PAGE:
Forty’s House O’ Fun

Derrick Thomas was not intoxicated on Jan. 23, 2000. He wasn’t under the influence of drugs. He wasn’t fleeing the authorities or any criminal charges. He was about to fly to Atlanta to see the Super Bowl, until fate decided to intervene.

It has been a year of madness for the NFL. According to Sports Illustrated, the odds of a Rams – Titans Super Bowl were 900 to 1. Kurt Warner went from supermarket employee to Super Bowl MVP. Players have been arrested for murder, conspiracy to commit murder and countless incidences of domestic and substance abuse.

Amidst all of this madness, the greatest tragedy of all happened to a man driving to the airport with his best friend. He died on Feb. 8, 2000 at 10:10 a.m., after being paralyzed from the waist down in the car accident of Jan. 23rd. The world is a far darker place for his passing.

On the field, Thomas’s exploits are nearly legendary. Any football fan who saw the Chiefs on his team’s schedule wondered how his team could possibly stop him. Opposing quarterbacks wondered where they could hide from him. He had 126.5 sacks (ninth all-time), 116.5 of them in the 1990s. No one had more in the decade. He had more sacks in a game than anyone ever has (seven on Nov. 11, 1990), more sacks in a season (20 in 1990) than any other Chief, and 10 or more sacks (totaling 58) in his first four years as a player. He went to nine Pro Bowls. In much the same way as John Elway defined the Denver Broncos, Michael Jordan defined the Chicago Bulls, and Bill Russell defined the Boston Celtics, Derrick Thomas defined the Kansas City Chiefs.

Thomas, however, was far more than a great football player. His drive to be an indomitable force on the football field was matched only by his tremendous heart. As Chiefs President Carl Peterson said, “What he gave to other people that a lot of you media and fans don’t even know about, that I was privileged to know about, is [what] Derrick didn’t want people to know about . . . His philanthropic efforts, like I said, some don’t even know the extent of them. Maybe that was his greatest accomplishment.”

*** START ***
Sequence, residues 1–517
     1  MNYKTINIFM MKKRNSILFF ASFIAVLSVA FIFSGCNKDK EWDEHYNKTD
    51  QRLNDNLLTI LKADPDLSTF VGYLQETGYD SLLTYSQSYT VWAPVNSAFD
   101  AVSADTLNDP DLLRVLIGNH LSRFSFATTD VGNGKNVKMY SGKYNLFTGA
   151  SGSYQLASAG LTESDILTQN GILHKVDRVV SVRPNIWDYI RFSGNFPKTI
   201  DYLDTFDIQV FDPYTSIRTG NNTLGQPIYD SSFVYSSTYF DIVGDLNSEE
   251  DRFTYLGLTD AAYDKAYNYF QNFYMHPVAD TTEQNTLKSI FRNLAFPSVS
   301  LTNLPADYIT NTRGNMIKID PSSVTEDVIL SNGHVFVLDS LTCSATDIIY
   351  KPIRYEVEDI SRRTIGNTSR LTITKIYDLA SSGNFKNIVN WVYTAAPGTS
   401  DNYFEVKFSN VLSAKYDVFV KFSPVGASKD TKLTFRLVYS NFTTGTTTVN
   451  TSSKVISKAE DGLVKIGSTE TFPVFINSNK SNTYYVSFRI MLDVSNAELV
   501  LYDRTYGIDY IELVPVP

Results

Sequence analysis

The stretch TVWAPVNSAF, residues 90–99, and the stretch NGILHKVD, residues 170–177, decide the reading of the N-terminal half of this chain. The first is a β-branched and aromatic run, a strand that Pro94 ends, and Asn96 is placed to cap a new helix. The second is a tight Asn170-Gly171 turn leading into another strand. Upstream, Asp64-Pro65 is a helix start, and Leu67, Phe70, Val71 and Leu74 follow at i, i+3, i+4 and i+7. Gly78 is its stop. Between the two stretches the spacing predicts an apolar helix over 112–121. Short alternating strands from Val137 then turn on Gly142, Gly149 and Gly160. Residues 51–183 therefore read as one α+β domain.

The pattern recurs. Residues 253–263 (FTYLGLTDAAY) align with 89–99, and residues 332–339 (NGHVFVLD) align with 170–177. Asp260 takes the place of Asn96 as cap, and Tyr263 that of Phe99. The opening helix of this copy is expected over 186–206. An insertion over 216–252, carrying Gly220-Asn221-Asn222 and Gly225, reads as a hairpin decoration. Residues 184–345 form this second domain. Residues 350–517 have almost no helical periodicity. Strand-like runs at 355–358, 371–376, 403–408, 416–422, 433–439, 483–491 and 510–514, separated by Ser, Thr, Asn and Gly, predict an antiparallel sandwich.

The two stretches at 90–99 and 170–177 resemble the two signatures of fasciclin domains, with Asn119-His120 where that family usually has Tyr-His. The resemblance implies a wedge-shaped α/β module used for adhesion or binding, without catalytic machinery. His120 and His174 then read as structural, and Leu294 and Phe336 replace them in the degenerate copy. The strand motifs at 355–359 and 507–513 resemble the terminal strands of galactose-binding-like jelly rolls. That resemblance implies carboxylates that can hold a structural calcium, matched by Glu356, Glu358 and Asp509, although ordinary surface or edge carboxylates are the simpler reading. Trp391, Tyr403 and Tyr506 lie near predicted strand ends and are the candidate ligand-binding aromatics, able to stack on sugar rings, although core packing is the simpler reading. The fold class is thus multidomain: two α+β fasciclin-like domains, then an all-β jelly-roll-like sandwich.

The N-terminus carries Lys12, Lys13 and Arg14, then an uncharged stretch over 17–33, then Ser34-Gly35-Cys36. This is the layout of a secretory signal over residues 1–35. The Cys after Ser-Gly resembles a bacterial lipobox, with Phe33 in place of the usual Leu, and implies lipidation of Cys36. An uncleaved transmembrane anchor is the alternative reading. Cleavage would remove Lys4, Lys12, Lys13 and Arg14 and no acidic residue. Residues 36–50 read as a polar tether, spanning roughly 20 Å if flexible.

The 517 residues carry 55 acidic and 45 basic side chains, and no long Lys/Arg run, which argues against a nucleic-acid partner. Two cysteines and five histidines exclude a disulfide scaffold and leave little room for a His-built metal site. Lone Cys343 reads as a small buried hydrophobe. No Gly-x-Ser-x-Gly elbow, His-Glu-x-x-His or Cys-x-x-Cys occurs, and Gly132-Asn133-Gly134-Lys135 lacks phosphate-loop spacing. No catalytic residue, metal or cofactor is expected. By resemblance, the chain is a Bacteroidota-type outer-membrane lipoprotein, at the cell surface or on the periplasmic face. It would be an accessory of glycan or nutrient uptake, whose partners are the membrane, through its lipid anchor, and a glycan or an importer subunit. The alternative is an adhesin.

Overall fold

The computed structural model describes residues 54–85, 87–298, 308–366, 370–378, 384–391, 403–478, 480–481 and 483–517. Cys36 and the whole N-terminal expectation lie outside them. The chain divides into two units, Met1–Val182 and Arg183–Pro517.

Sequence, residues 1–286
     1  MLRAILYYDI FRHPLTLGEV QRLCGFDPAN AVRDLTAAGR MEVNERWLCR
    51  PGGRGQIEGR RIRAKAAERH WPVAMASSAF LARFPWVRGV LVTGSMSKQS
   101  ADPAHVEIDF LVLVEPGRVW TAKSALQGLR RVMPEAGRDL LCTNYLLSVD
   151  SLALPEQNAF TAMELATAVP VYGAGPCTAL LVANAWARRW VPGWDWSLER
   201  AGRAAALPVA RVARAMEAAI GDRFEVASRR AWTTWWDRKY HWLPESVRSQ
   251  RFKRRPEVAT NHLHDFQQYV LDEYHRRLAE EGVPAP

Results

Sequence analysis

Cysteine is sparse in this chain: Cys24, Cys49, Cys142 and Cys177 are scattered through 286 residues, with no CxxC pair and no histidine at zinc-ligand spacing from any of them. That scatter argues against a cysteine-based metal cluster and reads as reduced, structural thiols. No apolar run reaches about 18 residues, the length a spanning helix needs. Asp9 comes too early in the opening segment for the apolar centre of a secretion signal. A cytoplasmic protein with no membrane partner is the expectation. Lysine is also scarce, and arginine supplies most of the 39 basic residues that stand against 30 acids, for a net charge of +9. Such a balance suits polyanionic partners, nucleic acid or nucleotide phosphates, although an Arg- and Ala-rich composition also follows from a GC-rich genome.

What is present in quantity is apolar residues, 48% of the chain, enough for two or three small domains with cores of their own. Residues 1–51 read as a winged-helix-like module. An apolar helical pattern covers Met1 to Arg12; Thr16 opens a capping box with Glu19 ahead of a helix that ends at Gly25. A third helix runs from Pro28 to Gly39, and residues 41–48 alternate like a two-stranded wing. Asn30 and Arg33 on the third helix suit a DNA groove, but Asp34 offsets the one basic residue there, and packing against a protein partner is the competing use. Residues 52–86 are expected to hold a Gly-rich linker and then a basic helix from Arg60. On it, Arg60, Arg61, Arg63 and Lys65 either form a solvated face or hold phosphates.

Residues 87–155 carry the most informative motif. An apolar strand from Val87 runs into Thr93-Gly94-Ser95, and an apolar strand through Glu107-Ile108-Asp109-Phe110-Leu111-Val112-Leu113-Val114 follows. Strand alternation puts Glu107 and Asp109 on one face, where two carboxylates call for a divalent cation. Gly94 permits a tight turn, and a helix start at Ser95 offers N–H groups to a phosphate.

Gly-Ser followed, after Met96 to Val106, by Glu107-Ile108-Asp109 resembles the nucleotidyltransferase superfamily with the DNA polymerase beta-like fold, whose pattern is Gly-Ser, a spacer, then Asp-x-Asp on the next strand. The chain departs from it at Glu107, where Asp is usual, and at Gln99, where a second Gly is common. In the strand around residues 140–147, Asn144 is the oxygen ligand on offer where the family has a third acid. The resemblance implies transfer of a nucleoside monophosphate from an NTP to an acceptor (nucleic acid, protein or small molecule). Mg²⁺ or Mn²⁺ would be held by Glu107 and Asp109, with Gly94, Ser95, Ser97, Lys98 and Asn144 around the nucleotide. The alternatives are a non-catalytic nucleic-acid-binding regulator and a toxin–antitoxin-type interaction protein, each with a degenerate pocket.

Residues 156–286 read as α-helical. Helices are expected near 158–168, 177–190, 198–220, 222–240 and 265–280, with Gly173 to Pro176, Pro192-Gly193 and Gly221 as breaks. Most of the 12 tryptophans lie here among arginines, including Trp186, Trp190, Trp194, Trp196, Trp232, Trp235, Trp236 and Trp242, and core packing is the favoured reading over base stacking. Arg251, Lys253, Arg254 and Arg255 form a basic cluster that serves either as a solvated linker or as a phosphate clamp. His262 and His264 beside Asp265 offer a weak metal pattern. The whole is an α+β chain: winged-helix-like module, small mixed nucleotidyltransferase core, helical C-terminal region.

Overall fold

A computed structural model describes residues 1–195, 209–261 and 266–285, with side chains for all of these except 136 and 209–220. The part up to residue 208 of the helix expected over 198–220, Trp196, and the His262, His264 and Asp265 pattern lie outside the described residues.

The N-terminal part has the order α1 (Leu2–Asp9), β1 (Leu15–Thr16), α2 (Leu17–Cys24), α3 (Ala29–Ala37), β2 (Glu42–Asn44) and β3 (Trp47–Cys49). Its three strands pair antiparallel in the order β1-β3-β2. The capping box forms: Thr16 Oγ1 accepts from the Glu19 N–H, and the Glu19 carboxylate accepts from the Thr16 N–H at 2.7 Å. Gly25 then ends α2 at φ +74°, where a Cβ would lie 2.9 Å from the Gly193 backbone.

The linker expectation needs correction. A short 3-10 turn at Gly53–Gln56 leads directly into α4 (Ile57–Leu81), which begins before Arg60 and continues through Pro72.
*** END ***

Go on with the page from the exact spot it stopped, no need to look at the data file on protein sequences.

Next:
In 1991, Thomas founded the Third and Long Foundation to help fix literacy deficiencies in the inner city. On Saturdays before games, he would sit in a library and read to children. In 1992, he was awarded the Distinguished Service to Education award from the University of Missouri-Kansas City School of Education. President Bush honored Thomas as one of his “Points of Light” for his exceptional philanthropy; he was the only NFL player to be so honored. In 1993, he was the Edge Man of the Year for community service and performance, and in 1995 he won the Byron “Whizzer” White humanitarian award.

The National Football League is in trouble. The players run roughshod over societal rules and some of them care very little about the example that they provide. This is true not only of football, obviously, but all of America’s major sports. The loss of Derrick Thomas through such a tragic accident should serve as a beacon, a message to the players of today that they have a responsibility to gain notoriety for something nobler than drunk driving or drug use. But it will not. Thomas, sadly, will be relegated to a distant memory of a forgotten age, when success brought obligation as well as privilege. But until that day, the rest of us will mourn a truly amazing and caring human being, who also happened to play football.

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